A retrouver sur le site de l’Iremam : http://iremam.cnrs.fr/spip.php?article2855
CALL FOR PAPERS
as part of the research program of the European Research Council
When Authoritarianism Fails in the Arab World (WAFAW)
Venue and date: CERI/Sciences Po (Paris, France), 29 and 30 October, 2015
“WITH OR WITHOUT THE BROTHERS”
Domestic, Regional, International and Transnational,
State and Sub-State Political Makeovers
of the Islamist Scene (2013-2015)
- Deadline for sending abstracts in English, Arabic or French (300 words): 30 June 2015
- Deadline for sending full papers: 20 September 2015
Scientific committee: Laurent Bonnefoy (CERI/Sciences Po, deputy project investigator of WAFAW), François Burgat (IREMAM, Project investigator of WAFAW), Stéphane Lacroix (CERI/Sciences Po), Bjorn Olav Utvik (Oslo University).
Rationale of the conference and information
Over the last years, politics in the Middle East and North Africa have been shaped by impressive reversals of fortune. Month after month, liberals, islamists, soldiers, women, jihadis, youth have all at some point been depicted by journalists and analysts as the great winners of the “Arab spring”, before being later considered as likely losers. The root causes of the Muslim Brotherhood’s inability since the fall of Muhammad Mursi in Egypt, during the second “round” of the Arab Spring, to cash in on the political capital originally accumulated thanks to their leading role in the opposition to authoritarian regimes and subsequently during post-revolutionary elections, still call for substantial research, even if the broad outlines are now well-known.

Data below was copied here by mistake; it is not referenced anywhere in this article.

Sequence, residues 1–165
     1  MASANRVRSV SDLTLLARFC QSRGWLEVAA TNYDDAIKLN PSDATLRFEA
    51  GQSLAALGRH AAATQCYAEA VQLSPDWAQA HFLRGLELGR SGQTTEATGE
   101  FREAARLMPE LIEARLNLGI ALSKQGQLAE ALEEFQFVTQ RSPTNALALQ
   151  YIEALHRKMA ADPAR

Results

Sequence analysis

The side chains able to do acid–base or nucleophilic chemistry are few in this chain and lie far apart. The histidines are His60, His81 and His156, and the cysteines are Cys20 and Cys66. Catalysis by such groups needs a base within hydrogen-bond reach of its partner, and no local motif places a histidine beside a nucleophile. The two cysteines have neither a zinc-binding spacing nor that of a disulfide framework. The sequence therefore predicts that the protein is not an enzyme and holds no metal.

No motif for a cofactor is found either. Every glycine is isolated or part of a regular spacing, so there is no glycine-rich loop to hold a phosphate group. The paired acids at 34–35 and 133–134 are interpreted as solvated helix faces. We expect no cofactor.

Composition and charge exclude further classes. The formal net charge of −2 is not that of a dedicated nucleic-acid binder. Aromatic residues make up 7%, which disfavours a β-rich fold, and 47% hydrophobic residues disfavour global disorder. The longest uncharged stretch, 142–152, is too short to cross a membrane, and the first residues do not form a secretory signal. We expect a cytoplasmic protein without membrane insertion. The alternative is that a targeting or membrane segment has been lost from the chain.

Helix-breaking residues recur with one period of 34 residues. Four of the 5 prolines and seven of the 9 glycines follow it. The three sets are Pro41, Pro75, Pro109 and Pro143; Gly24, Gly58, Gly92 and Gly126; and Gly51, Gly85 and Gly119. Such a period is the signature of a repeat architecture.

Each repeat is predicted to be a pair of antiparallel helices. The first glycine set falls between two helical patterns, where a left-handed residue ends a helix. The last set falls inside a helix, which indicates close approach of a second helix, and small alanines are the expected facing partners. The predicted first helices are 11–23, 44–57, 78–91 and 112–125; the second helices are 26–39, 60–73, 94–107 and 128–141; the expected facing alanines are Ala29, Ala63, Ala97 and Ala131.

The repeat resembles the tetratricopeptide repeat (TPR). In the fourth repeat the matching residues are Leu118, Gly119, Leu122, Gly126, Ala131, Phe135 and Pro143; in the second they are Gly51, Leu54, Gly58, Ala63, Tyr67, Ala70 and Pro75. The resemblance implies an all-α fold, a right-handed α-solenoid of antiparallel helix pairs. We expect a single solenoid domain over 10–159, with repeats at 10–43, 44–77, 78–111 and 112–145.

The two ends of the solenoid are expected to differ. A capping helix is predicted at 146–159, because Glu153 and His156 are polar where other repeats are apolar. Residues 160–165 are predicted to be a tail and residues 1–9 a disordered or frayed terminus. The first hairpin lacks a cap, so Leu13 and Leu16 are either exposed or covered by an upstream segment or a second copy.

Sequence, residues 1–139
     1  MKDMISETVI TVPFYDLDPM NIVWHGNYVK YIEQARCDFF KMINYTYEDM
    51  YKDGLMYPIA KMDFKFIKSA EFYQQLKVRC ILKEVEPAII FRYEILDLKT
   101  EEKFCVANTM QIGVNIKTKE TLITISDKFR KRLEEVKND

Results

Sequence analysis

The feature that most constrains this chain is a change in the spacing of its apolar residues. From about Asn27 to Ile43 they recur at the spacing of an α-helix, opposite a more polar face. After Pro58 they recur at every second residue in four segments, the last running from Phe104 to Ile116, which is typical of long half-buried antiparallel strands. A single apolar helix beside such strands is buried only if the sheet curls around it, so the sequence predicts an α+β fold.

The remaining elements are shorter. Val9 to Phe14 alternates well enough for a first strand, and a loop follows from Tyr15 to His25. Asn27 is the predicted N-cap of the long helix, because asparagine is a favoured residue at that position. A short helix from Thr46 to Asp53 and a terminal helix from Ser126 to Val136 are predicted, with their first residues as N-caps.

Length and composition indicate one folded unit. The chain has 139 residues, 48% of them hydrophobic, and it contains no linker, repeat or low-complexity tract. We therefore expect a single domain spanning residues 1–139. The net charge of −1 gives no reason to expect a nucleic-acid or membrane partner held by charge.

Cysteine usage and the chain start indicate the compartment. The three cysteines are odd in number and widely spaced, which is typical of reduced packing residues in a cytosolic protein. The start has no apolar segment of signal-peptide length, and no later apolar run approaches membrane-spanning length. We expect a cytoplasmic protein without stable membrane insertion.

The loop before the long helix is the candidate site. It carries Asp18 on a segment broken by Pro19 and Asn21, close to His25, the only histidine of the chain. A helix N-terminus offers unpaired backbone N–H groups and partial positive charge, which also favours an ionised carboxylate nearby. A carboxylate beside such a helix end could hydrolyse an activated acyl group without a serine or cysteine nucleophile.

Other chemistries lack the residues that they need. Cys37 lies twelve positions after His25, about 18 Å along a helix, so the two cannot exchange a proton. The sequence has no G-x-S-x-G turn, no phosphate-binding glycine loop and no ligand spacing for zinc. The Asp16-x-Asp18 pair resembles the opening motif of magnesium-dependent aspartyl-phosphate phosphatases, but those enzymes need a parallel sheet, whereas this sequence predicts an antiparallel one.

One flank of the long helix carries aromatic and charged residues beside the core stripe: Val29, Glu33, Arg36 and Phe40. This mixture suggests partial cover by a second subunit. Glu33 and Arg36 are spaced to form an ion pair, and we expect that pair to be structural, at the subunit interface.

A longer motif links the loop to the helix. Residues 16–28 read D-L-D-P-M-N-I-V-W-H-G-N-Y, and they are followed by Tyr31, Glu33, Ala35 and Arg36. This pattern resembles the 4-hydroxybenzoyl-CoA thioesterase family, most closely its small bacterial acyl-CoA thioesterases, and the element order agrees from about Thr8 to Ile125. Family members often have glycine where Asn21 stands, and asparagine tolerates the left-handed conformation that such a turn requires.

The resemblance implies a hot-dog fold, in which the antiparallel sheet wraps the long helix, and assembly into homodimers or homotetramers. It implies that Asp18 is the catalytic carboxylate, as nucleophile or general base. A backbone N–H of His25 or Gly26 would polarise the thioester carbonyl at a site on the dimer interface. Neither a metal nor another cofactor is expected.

Such a reversal of fortune is having lasting effects on the Islamist field. The object of this international conference organised in Paris by the WAFAW/ERC project will be to focus on the way Salafi and Jihadi groups are affected by the apparent marginalization of the Muslim Brotherhood. Academic contributors will be encouraged to propose case studies that deal with recent trends and interactions within the broad Islamist field.
Since 2011, both in Tunisia, Yemen and Egypt, blatant blunders by governments dominated by the Muslim Brotherhood acting in a particularly demanding political environment might have appeared to some as a structural erosion of Islamist power. This share in responsibility on the part of the Islamist leadership enhanced the already built-in resiliency of the “Deep States” which had accumulated vast resources. This resiliency was rendered all the more robust for its being at the nexus, not only of certain Arab regimes’ strategic interests – and more particularly of those of the Gulf states – but also of those of their Western partners, more than ever in a hurry to turn over the decidedly annoying “Islamist page”. The repression and disinformation leveraged by media machines, both in Tunisia and in Egypt, which remained largely beyond the reach of the winners at the ballot-box, were soon to go to work on adding a final touch to the general picture, whether real or not, of the people’s disenfranchisement towards the Brothers.